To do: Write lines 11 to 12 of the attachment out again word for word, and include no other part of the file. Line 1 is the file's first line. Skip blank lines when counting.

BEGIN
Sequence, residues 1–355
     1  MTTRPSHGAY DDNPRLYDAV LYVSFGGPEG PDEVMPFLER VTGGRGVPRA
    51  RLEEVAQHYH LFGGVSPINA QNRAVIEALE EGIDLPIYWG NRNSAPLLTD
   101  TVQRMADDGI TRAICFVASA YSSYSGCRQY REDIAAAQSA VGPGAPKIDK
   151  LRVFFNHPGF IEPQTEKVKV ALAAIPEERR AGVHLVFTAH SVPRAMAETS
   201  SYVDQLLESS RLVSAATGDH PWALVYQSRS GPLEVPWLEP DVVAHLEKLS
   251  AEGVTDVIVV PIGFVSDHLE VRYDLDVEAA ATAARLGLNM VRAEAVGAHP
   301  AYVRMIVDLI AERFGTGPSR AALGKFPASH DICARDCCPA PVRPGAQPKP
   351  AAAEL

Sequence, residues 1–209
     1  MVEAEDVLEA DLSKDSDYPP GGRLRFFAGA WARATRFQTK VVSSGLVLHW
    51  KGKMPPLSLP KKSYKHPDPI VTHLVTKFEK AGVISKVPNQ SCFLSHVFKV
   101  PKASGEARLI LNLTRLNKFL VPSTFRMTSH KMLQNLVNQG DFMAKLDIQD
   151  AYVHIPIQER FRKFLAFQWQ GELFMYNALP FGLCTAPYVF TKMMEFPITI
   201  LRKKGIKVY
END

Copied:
     1  MVEAEDVLEA DLSKDSDYPP GGRLRFFAGA WARATRFQTK VVSSGLVLHW
    51  KGKMPPLSLP KKSYKHPDPI VTHLVTKFEK AGVISKVPNQ SCFLSHVFKV